Turbo Expo 2024: Gas Turbines are Integral to a Sustainable, Decarbonized Future

Published on: 

Day two of Turbo Expo 2024 discusses how lower-carbon fuels, gas turbines, fuel-flexible advancements, electrolyzers, and more work together for a sustainable energy future.

Turbo Expo 2024 in London opened its exhibition hall this morning to roughly 2,500 attendees from the turbomachinery industry. Tuesday morning kicked off with the panel session, The Gas Turbine’s Role in the Decarbonized Power Generation Portfolio, moderated by Benjamin Emerson, Senior Research Engineer at Georgia Tech, Bobby Noble, Senior Program Manager Gas Turbine R&D at EPRI, and Jeffrey Benoit, Vice President – Global Clean Energy Solutions, PSM – a Hanwha Company.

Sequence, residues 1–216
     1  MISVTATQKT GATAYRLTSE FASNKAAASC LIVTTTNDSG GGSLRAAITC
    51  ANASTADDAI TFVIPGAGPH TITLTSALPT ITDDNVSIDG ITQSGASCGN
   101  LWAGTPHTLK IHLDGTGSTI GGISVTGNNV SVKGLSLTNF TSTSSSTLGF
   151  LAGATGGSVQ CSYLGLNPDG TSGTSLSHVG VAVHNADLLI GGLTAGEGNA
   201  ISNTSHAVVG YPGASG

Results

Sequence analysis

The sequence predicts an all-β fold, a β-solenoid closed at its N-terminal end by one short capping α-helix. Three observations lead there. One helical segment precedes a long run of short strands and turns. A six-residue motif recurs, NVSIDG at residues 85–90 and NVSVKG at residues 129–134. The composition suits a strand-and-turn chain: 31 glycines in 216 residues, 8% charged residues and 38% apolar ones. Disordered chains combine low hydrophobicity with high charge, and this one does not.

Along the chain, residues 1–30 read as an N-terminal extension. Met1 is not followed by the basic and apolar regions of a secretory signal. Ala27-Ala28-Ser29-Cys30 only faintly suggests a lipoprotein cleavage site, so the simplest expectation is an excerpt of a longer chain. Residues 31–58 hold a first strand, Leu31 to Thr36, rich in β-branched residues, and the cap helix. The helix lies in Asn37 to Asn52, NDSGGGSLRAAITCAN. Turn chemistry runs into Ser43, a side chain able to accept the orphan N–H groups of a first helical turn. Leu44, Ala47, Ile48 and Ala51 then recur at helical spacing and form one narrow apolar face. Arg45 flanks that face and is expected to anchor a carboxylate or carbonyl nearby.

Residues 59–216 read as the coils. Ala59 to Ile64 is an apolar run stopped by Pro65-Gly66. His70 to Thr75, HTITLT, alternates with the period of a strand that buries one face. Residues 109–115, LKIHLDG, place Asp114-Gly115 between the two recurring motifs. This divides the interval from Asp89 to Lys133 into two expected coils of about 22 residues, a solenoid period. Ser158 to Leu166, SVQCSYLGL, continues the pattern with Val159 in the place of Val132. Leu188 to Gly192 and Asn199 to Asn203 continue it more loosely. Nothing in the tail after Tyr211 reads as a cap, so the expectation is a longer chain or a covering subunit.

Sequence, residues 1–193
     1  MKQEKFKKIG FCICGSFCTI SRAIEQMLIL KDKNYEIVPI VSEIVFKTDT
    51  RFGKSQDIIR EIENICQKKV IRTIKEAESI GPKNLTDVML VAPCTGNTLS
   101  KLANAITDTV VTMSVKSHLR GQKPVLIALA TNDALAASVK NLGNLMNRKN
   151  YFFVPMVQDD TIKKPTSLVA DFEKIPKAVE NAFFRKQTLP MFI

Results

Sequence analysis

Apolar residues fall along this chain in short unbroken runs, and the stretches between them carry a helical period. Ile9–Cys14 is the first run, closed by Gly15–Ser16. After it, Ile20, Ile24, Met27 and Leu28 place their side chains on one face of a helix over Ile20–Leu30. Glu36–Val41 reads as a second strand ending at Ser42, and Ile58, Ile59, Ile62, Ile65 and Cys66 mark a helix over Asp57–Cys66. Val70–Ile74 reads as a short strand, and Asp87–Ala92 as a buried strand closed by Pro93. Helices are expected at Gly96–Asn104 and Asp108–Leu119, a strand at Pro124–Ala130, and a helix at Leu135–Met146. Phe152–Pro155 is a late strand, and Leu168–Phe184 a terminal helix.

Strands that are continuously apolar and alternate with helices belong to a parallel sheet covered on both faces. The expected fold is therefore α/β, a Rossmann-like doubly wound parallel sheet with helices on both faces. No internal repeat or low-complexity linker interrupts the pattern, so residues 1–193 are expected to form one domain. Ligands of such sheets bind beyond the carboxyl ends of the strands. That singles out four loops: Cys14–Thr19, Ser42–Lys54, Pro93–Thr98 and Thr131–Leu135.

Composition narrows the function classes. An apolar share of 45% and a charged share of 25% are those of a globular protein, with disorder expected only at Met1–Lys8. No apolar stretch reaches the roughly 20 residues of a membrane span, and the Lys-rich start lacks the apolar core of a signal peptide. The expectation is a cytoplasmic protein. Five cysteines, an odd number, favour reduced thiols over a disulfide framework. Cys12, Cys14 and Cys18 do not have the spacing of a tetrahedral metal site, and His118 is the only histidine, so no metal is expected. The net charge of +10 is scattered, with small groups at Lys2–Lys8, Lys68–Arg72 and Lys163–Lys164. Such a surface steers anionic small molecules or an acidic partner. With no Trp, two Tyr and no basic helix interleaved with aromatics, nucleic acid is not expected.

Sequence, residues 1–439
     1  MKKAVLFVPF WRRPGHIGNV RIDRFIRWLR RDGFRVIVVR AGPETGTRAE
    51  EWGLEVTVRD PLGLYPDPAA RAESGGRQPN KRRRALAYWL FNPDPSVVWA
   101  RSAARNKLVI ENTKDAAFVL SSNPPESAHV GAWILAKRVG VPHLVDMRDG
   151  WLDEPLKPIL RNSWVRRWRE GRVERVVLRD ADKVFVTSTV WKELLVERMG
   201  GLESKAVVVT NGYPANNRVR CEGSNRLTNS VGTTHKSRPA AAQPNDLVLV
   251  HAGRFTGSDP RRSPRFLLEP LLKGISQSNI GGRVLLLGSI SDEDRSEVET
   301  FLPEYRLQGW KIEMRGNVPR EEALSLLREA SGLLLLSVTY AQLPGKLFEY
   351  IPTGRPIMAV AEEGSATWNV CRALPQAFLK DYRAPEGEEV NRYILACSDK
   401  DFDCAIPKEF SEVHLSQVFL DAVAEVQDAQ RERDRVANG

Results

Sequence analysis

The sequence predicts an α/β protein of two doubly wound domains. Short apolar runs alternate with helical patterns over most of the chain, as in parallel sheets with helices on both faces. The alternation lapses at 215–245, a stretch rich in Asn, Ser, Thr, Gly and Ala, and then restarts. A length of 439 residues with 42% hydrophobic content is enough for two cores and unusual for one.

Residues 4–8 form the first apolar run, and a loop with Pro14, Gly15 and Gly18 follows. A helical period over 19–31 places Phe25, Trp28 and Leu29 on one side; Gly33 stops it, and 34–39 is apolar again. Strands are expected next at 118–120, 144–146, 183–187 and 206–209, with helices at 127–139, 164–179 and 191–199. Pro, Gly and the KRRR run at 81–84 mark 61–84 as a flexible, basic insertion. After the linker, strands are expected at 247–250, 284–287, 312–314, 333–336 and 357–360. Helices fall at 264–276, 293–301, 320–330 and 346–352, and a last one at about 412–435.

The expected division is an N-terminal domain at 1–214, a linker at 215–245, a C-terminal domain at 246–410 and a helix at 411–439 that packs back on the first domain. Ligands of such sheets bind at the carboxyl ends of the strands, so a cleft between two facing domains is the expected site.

Introducing decarbonized fuels such as hydrogen or ammonia, and even carbon capture and sequestration (CCS), could transform how currently installed and new gas turbine power generation plants are used. At the panel, OEMs presented new fuel-flexible combustion technologies that included development roadmaps while the U.S. Department of Energy (DOE) gave an overview of its Clean Energy and Strategy, Regional Clean Hydrogen Program, CCS cycles, and pending funding announcements.

On June 12, 2024, the DOE’s Office of Clean Energy Demonstrations (OCED) finalized its agreement for the Design Phase of the Regional Clean Hydrogen Hubs Program Demand-Side Initiative with the EFI Foundation and H2DI Consortium. OCED and H2DI will work together to design demand-pull mechanisms to de-risk projects in the Regional Clean Hydrogen Hubs and a plan on how to execute those mechanisms. The Design Phase is slated to conclude in 2024.

Lower-Carbon Fuels

Lower-carbon fuels present well-known challenges—from production and cost concerns to storage and transport. However, advancements have been made in the past couple of years to tackle these issues.